During voting Saturday, the Islamists' organizing was on display.

Cars with loudspeakers toured villages, calling on people to vote "yes." Banners with pictures of Egypt's most influential ultraconservative clerics proclaimed, "They say yes to the constitution" and "Islam is the solution." Women cloaked in black with veils that left only their eyes showing were brought in groups from their homes in pick-up trucks to polling stations. There, teams of men with the beards of conservative Muslims passed out cards with blue circles, to ensure illiterate voters knew which circle to check on the ballot — blue for "yes," brown for "no."

Still, voices of discontent were heard. Some are bitter over an enduring economic crisis that hits farmers hard. Others became more critical watching the debates in Cairo that came to their villages though the numerous liberal-minded TV talk shows. Some religious conservatives said they have grown to see the Brotherhood as acting more out of hunger for power than "for the sake of God."

The tempers were high, with Brotherhood members angrily accusing opponents of being "feloul" — remnants of Mubarak's regime — or of having their minds poisoned by liberal media.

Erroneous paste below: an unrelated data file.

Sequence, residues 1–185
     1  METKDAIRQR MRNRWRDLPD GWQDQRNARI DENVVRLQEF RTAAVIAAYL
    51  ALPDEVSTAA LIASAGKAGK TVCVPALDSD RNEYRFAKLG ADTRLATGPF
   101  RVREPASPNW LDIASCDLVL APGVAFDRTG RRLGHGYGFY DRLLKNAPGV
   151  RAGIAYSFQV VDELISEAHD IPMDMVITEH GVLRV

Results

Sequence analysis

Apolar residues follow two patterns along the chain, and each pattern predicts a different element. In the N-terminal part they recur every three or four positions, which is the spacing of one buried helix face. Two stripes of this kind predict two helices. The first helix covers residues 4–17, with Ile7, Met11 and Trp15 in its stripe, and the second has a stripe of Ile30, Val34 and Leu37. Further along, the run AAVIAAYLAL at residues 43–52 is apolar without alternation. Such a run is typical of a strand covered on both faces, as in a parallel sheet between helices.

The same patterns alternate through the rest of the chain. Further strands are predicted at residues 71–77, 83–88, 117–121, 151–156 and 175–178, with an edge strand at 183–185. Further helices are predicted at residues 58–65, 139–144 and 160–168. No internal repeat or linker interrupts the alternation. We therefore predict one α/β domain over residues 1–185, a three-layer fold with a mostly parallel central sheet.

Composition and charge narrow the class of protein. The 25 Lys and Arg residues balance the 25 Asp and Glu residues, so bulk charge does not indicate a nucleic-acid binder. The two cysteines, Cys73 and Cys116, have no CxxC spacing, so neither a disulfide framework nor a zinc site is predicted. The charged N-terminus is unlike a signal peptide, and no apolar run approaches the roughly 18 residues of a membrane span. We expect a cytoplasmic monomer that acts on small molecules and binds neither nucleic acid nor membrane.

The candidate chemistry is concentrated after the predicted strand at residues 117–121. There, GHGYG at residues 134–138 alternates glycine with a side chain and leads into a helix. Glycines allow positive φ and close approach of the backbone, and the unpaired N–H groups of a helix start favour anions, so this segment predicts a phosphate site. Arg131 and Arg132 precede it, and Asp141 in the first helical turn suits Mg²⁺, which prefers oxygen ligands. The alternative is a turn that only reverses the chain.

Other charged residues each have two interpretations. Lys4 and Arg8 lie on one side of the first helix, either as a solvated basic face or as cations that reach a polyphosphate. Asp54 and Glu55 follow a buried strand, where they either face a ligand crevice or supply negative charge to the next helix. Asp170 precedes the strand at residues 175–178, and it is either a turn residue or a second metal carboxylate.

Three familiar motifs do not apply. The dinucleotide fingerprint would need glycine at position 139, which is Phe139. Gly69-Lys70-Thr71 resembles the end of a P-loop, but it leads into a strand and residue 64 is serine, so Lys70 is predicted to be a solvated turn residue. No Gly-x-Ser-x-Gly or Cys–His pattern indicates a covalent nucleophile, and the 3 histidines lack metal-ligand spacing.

Outside a polling station in the village of Sheikh Fadl, one resident complained about Islamists to an Associated Press journalist.

"Look no one in this village read the constitution ... I can read and write, but I don't understand the constitution and I couldn't decide whether to say or no," Said Abdel-Moneim, a driver, said.

"But here the Brotherhood knocks doors and brings people out," he said, "and if someone says no, he gets beaten up."

A Brotherhood member who overheard him protested — and the two quickly fell into a fistfight, kicking each other and throwing punches.

An old man in white robe and scarf around his head yelled, "All this is the account of the people the simple people. The farmer is ignored."

"The prices are high for fertilizers. The (land) costs tripled and revenues dropped," he shouted, saying he was furious at the Brotherhood — but also adding a criticism of the opposition. "The educated and the elite are doing nothing but protests ... people here are tired and sick."